Friday, 24 July 2015

The discovery of Earth 2.0 (sort of)

NASA's Kepler space telescope has just discovered the most Earth-like exoplanet yet. Kepler 452b orbits a star very similar to our Sun and is at a comparable distance. For example, its orbital period is 385 Earth days. Not only that, it is rocky, albeit around 5 times more massive than Earth  - this corresponds to surface gravity of about 2g.

The next step will be to make further observations and potentially characterise its atmosphere - of course, it may be similar to Venus or Mars, but it could also be similar to Earth's atmosphere. If Oxygen and Nitrogen are key components of 452b's atmosphere, it seems so similar to Earth that life there is a real, if still slim, possibility!

It was also recently announced that a new hunt for alien radio signals will be initiated, supported by the likes of Professor Stephen Hawking. In addition to this, a new radio telescope called the Square Kilometre Array (SKA) is being built - consisting of over 1000 telescopes around the world with a equivalent collecting area of 1 square km, and based in Jodrell Bank, it too will be able to hunt for faint radio signals from other worlds. We live in an exciting time - perhaps evidence of alien life is only a matter of years or decades away...

Here's the link to the scientific paper, published in The Astronomical Journal:

Tuesday, 21 July 2015

Airbus announce the A380neo

Airbus have announced that they are going to upgrade the A380, the largest passenger aircraft ever built. The upgraded A380neo will feature new engines (from a single supplier, likely RR) and a wing redesign. The decision may be surprising as the A380 has not been the best selling model and will face competition from Boeing's new 777-9X, which is not that much smaller in terms of seat capacity and is a twin!

Furthermore there are only 13 operators of the type, and of these 165 aircraft in service, Emirates has a whopping 64 of them (with 76 on order!). So it appears as though the success of the A380, and the A380neo, depends heavily on one airline. The A380 programme is only just breaking even, without Emirates, it surely would have been a commercial disaster.

Now Airbus claim that the A380 was brought to the market too early, and that there will be an increasing demand for larger aircraft in the future. This is seen to some extent at Heathrow, which sees the most A380 operators, largely because extra flights are out of the question and more seats are needed, the answer is larger aircraft. Some have said that the neo version is too soon, only 10 years after the original, however by the time the first neo flies it will have been something like 15 years and the oldest A380's will be nearing retirement age. It will be interesting to see who orders the A380neo though!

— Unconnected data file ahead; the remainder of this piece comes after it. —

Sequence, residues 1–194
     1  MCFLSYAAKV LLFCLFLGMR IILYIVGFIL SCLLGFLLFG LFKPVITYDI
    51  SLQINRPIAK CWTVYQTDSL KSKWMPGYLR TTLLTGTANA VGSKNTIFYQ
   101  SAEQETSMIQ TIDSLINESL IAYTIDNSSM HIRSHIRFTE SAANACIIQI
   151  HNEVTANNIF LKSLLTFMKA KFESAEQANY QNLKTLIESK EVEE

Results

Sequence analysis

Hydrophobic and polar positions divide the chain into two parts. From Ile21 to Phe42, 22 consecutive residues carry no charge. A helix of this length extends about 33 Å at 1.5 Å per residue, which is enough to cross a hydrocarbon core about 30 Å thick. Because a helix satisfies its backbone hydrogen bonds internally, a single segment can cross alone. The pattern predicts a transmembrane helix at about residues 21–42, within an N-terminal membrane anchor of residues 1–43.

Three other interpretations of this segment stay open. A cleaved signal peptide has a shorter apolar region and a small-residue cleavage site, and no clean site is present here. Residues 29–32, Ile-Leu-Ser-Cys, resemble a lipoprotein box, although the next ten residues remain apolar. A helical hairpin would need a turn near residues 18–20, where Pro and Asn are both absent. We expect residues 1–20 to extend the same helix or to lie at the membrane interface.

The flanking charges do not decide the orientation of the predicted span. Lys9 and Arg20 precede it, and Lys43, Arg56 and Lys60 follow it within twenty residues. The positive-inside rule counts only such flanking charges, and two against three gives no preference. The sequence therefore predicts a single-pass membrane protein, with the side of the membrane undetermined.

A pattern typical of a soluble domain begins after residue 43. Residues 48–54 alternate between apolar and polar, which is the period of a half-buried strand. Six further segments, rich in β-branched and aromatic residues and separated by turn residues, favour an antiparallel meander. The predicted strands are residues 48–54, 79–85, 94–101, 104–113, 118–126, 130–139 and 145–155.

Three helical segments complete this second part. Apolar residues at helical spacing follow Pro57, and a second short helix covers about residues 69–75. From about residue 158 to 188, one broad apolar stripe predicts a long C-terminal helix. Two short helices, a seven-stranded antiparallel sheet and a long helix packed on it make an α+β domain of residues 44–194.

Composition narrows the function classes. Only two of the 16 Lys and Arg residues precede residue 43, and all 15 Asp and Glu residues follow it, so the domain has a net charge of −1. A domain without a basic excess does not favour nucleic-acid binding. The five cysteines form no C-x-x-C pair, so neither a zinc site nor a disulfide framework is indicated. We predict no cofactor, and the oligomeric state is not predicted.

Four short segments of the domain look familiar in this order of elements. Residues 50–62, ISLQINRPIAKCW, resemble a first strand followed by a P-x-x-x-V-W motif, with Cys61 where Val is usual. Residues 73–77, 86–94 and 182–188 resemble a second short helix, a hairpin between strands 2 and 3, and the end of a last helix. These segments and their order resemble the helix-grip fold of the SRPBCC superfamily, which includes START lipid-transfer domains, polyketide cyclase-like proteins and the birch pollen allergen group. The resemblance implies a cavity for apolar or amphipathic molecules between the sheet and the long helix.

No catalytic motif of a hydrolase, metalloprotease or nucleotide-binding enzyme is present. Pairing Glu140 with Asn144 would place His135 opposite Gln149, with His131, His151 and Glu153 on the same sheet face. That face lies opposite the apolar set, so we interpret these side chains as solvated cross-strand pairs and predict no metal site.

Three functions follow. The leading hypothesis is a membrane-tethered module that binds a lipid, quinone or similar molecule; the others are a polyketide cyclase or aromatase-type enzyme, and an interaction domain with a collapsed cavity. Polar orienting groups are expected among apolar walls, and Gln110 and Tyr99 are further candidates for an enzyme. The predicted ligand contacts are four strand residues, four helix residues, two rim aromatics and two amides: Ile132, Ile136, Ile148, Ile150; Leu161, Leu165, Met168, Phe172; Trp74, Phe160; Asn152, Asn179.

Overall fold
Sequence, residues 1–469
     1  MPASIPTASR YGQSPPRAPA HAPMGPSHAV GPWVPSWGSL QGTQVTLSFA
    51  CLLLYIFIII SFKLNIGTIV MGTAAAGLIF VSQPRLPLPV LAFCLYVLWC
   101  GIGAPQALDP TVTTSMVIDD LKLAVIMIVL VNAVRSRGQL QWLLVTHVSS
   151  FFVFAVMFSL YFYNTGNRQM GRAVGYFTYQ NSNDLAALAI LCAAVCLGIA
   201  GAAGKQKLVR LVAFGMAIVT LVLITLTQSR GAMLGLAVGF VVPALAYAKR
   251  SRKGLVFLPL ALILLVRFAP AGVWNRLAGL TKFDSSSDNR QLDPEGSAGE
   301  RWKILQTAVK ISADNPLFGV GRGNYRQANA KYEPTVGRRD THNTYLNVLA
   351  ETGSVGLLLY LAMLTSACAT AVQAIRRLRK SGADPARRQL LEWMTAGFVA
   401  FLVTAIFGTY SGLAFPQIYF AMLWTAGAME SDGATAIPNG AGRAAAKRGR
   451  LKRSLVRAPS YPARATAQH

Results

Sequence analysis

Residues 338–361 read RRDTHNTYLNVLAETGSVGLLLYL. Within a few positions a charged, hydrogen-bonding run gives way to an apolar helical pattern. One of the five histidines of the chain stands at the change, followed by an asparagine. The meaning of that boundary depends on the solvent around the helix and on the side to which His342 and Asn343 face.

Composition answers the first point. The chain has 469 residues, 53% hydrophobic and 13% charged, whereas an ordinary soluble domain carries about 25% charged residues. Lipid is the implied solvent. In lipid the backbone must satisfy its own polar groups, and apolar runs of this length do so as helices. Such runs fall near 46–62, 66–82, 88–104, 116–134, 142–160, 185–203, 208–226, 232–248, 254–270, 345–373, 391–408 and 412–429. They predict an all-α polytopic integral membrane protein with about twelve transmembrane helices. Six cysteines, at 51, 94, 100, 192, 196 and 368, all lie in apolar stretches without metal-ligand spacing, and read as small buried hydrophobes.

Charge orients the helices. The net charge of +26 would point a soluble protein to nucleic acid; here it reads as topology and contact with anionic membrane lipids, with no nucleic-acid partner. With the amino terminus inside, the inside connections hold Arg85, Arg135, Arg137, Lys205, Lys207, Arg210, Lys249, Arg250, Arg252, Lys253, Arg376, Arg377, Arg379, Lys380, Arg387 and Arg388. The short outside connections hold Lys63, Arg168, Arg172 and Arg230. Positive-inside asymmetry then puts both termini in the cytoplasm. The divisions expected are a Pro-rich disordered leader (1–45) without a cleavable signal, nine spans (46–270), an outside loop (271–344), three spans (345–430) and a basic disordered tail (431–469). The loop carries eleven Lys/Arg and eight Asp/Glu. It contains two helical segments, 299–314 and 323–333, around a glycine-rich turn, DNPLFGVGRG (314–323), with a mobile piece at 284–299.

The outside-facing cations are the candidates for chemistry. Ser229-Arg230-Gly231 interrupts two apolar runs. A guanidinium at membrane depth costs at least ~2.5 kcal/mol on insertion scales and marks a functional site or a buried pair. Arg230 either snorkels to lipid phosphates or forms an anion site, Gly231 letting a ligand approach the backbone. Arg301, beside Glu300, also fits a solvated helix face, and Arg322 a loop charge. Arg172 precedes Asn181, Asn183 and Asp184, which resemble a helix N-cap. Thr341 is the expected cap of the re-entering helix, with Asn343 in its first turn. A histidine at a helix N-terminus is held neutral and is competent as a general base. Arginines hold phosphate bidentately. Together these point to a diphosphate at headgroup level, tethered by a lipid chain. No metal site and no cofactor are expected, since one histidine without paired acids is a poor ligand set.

Tuesday, 14 July 2015

Pluto & Pentaquarks

So the 14th July 2015 has been a good day for physics & space science: CERN announced the discovery a new particle, the 'pentaquark', and NASA's New Horizons probe has made its closest approach to the dwarf planet Pluto completing our exploration of the original 9 planets. So without further ado let's get into the nitty gritty of the science!

Pentaquarks
CERN have announced the detection of pentaquark particles at the LHC. These are composed of 4 quarks & an antiquark, essentially a baryon (3 quarks with colour charge RBG adding up to colourless) bound to a  meson (a quark-antiquark pair). Not as fundamental as the Higgs Boson discovery but a nice find nonetheless!


Pluto
Pluto used to be 9th planet and was demoted in 2006 to 'dwarf planet' for reasons which I personally think are very sensible. It should be said that the whole debate is just semantics and a lot of people, even notable scientists, would disagree - the late great Sir Patrick Moore would've kept Pluto as a planet. So there will be no explanation of it's new categorisation here!

New Horizons was launched in 2006, and is the fastest spacecraft ever launched. Even at 84,000km/h (52,000km/h) it took 9 years to reach its target. The probe is going so fast and Pluto's gravity is so weak it could not possibly go into orbit, instead it has sailed past and will head on out into the Kuiper Belt, joining the Voyager probes in their exploration of the outer solar system and beyond.

So here it is, in glorious colour (looking surprisingly red and Mars-like):

Credit: NASA/APL/SwRI 
https://www.nasa.gov/feature/new-horizons-spacecraft-displays-pluto-s-big-heart-0


Saturday, 11 July 2015

Airbus E-Fan completes channel crossing!

The all electric Airbus built E-Fan has become the first electric aircraft to cross the English channel. Unlike the 'other' famous electric aircraft currently flying, Solar Impulse 2, the E-fan is a two seater light aircraft powered by batteries. Like Solar impulse and other electric vehicles (see Formula E), the E-Fan represents how far electric, and specifically battery, technology has advanced in recent years. The main downside to renewables is currently the inability to store the energy they produce when not needed - and these kinds of project are pushing that technology in the right direction.



Friday, 3 July 2015

Solar Impulse completes Pacific crossing

Solar impulse 2, piloted by Andre Borchsberg, has landed in Hawaii, after flying from Japan powered by nothing but sunlight. It is also the longest solo flight in history. Congrats to all involved!